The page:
Sorensen, T. J., McKim, A. J., & Velez, J. J. (2017). A national study of work characteristics and work-family conflict among secondary agricultural educators. Journal of Agricultural Education, 58(2), 214-231. https://doi.org/10.5032/jae.2017.02214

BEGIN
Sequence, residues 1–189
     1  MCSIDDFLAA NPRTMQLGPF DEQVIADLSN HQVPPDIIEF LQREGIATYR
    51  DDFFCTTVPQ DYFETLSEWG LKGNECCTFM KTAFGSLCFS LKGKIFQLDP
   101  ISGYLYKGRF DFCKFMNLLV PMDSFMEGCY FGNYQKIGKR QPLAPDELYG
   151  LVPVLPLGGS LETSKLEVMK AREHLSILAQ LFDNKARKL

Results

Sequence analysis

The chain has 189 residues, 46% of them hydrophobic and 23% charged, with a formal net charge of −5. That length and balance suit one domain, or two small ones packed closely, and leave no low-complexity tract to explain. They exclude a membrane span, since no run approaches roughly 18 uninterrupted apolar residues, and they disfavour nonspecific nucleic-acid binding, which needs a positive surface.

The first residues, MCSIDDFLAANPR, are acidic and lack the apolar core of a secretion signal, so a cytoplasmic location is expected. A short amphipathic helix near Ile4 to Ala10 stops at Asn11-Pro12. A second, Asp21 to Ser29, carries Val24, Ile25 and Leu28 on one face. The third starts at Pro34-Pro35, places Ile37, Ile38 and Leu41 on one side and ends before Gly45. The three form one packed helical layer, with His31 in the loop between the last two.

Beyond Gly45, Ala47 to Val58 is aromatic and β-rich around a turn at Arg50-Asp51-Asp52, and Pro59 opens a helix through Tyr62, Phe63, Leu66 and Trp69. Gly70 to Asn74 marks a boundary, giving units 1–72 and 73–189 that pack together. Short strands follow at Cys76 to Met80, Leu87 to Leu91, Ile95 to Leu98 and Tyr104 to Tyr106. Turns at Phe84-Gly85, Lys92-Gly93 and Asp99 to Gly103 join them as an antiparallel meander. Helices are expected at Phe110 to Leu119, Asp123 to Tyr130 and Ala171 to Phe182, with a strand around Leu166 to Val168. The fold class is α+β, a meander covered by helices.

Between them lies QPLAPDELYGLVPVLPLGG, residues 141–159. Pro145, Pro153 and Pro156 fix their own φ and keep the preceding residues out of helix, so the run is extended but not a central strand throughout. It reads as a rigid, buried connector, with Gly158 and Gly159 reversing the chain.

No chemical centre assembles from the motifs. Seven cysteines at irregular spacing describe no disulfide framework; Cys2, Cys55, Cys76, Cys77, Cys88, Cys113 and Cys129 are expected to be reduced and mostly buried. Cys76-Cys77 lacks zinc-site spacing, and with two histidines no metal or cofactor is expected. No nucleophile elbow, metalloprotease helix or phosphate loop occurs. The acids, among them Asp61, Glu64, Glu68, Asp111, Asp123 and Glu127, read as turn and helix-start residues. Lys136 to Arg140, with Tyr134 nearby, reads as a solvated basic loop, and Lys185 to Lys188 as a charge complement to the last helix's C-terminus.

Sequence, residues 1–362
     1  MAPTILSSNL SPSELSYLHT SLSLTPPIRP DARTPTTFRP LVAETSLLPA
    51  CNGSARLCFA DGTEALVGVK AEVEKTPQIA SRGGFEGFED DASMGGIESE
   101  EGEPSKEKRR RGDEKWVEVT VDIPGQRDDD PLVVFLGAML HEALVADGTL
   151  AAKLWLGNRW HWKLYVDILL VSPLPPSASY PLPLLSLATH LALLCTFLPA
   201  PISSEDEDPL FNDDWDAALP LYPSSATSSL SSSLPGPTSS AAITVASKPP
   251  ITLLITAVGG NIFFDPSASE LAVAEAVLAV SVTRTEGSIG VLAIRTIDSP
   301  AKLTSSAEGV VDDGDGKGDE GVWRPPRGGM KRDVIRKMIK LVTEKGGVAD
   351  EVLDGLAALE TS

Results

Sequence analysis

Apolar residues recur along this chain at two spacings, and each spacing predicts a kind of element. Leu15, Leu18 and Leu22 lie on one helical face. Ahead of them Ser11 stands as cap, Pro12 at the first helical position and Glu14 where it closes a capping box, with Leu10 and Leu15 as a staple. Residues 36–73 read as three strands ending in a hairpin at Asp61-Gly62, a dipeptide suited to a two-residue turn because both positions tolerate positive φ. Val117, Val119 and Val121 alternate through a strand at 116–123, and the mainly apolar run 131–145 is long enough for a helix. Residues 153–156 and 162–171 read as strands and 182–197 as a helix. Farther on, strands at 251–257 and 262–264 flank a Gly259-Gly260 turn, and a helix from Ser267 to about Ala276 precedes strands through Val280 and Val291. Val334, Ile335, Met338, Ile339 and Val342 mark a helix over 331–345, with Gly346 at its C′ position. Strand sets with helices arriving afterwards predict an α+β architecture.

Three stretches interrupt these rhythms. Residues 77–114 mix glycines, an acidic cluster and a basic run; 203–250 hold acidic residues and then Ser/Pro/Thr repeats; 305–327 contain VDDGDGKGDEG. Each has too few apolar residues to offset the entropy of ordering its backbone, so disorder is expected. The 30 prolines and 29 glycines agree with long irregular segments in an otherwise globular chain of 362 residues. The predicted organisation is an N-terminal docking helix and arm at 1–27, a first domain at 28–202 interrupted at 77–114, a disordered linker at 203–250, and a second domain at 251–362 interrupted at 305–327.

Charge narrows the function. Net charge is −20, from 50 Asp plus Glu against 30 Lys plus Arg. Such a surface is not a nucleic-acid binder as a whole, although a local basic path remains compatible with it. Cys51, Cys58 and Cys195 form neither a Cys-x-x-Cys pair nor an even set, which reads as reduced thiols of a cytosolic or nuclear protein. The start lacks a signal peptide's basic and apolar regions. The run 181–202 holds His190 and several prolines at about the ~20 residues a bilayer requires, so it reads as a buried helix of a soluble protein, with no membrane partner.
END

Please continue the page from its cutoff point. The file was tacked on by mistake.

Data from a random sample of secondary school agriculture teachers in the United States were utilized to explore work characteristics and their relationship to work-family conflict, specifically how the work role interfered with the family role. Nine workplace characteristics (i.e., salary, work hours per work week, weekend work hours, years of teaching experience, number of agriculture teachers within the school, school community type, number of students per class, work salience, and perceived family-supportive work culture) were explored by gender. Two of the workplace characteristics, years of teaching experience and salary, were significantly different for male and female agriculture teachers. An analysis was conducted of the relationship between identified workplace characteristics and teachers’ perceptions of their work role interfering with their family role. In total, the workplace variables accounted for 22% of the variance in teachers’ perceptions of work interfering with their family. Four of the workplace variables (i.e., perceived family-supportive work culture, number of agriculture teachers per school, work salience, and work hours per work week) were statistically significant predictors of work interfering with family. Recommendations and implications for the agriculture teaching profession are discussed in light on these findings.